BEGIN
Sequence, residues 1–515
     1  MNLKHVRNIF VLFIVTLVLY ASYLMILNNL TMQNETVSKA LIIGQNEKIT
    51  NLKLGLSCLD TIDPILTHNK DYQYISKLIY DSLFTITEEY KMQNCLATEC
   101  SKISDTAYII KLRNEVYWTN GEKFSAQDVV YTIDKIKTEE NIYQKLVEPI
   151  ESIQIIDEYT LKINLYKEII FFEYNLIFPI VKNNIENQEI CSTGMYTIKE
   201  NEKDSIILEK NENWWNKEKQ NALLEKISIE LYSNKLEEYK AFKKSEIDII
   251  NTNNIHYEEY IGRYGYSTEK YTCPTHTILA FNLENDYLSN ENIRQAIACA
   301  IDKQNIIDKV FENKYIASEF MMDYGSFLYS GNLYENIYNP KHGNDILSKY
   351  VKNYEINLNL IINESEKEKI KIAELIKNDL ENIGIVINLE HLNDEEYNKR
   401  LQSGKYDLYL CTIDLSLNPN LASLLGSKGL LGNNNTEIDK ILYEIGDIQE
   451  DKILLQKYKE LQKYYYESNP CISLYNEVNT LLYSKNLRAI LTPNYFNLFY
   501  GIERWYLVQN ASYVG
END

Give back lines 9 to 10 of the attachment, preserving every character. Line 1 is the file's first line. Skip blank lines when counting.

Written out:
   351  VKNYEINLNL IINESEKEKI KIAELIKNDL ENIGIVINLE HLNDEEYNKR
   401  LQSGKYDLYL CTIDLSLNPN LASLLGSKGL LGNNNTEIDK ILYEIGDIQE